Thursday, 2 February 2017

Farrah Fawcett at 70

Further to my previous posting on this blog entitled Charlie’s Angels at 40, today would have been the 70th birthday of the TV series star, Farrah Fawcett.

Born on 2nd February 1947, Texan, Farrah Leni Fawcett, was born of Irish, French, English and Choctaw Native American ancestry, into a Roman Catholic family with one older sister. Her father was an oil field contractor while her mother was a homemaker.

Iconic poster image
She initially rose to international fame early in 1976 when posing in a red swimsuit, which became the best-selling pin-up poster in history selling over 20 million copies.

Best remembered for her stunning smile, blonde flowing locks and pin-up model beauty, she was cast as Jill Monroe in the original TV series of Charlie’s Angels in 1976. At that time she was styled as Farrah Fawcett-Majors due to her 9-year marriage to Lee Majors (star of The Six Million Dollar Man).

From 1979 until 1997 and then 2001 to 2009 (her death) she was romantically involved with actor Ryan O’Neal, producing a son, Redmond James Fawcett-O'Neal.

Also to star in such movies as Logan's Run, Saturn 3, The Cannonball Run, The Apostle, Dr. T and the Women and The Burning Bed, she was diagnosed with anal cancer in 2006. An NBC documentary outlining her battle with the disease (Farrah’s Story) won her a posthumous Emmy award for her work as a producer.

After enduring chemotherapy and surgery, it was reported on her 60th birthday that she was "cancer free". However 3 moths later she experienced a recurrence and was diagnosed with stage IV cancer that had metastasised to her liver.

With subsequent unsuccessful holistic treatments in Germany, she finally passed away in June 2009, at the age of 62.


RIP Farrah.

Friday, 30 December 2016

Buttercup

This year I bought myself a small Christmas present. 

When recently looking through one of the upstairs cupboards in my house, I noticed my extensive collection of vinyl records. With vinyl making something of a resurgence and having nothing to play them on, I decided to invest in a turntable that converts the music into MP3s. The turntable arrived yesterday and I have now started what will be, a very long task of conversion.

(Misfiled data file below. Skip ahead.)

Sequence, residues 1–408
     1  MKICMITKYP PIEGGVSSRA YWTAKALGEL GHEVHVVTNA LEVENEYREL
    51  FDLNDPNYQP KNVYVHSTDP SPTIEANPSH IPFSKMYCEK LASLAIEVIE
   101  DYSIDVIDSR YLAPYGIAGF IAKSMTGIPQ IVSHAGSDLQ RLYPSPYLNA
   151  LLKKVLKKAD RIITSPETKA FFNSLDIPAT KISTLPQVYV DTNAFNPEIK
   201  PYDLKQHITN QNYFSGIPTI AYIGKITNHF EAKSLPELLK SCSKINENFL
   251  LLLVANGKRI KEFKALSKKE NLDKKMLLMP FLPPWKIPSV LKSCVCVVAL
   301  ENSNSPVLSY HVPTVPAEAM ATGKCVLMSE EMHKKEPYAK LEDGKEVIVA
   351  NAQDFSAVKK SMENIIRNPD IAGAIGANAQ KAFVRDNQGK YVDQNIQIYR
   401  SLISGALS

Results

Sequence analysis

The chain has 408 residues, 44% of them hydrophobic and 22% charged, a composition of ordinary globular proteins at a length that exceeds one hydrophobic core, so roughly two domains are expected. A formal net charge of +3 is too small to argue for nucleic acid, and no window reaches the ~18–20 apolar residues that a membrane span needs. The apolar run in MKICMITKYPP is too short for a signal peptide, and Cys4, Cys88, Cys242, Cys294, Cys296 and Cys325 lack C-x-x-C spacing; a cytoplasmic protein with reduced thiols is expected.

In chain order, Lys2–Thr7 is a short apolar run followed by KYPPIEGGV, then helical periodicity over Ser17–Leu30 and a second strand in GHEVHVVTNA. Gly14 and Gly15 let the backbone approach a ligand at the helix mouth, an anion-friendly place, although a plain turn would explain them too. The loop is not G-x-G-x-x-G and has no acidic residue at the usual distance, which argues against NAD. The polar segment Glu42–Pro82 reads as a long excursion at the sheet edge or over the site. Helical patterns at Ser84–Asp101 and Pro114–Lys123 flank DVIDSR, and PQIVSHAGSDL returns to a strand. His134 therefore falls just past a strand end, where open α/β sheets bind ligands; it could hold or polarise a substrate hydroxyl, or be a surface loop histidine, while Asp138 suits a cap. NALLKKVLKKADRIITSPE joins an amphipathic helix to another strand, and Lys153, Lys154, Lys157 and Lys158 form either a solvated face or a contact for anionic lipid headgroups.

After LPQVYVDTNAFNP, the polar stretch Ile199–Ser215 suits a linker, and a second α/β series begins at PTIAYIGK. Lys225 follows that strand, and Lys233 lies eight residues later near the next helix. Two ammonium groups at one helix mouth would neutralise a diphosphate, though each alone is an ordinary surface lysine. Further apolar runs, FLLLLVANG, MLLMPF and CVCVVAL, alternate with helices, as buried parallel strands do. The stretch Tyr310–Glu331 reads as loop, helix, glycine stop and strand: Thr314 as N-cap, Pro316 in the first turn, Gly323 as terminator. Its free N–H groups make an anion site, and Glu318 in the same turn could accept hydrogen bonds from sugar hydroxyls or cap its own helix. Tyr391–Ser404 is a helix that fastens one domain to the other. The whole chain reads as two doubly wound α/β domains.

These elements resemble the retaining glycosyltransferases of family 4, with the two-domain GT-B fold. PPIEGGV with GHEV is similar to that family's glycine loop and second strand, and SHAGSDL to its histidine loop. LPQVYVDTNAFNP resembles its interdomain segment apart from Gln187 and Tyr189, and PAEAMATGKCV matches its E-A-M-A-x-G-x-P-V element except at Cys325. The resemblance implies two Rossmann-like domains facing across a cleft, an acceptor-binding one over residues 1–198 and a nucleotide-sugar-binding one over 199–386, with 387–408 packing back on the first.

Forgetting quite how many 33s, 45s and 12 inch singles I had collected over the years before CDs and downloads took over, it was fascinating to start going through them all, while bringing back memories of people and old friends associated with those memories, many of which I have long lost contact with.

The first pile brought me records by such diverse artists as Lionel Richie, Rufus and Chaka Khan, Bill Withers, Chicago and the Little River Band, but the 12 inch single that brought back most memories was an early 80s remix of “Buttercup” by Carl Anderson.

To Top-40 fans, Carl Anderson is not a name that particularly rolls off the tongue, but for those interested in musical theatre he is fondly remembered for playing Judas Iscariot in the Broadway and film productions of Jesus Christ Superstar.

Written by Stevie Wonder, “Buttercup” was originally recorded by the Jackson Five but never actually released by them until their 2009 compilation I Want You Back!  Unreleased Masters came into being.

In my opinion, the song certainly lends itself to Anderson’s vocal versatility to transform between R&B and jazz and however much of a fan I am of the Jacksons, their slightly slower version although very pleasant, didn’t really do it for me.




Carl Anderson passed away in 2004 at the age of 58 after a battle with leukaemia. 

Sunday, 27 November 2016

Musical Irish Englishness?

Ireland is a very gifted nation musically, but all may not be quite as it seems when it comes to a certain three of its music stars.


The Boys are Back in Town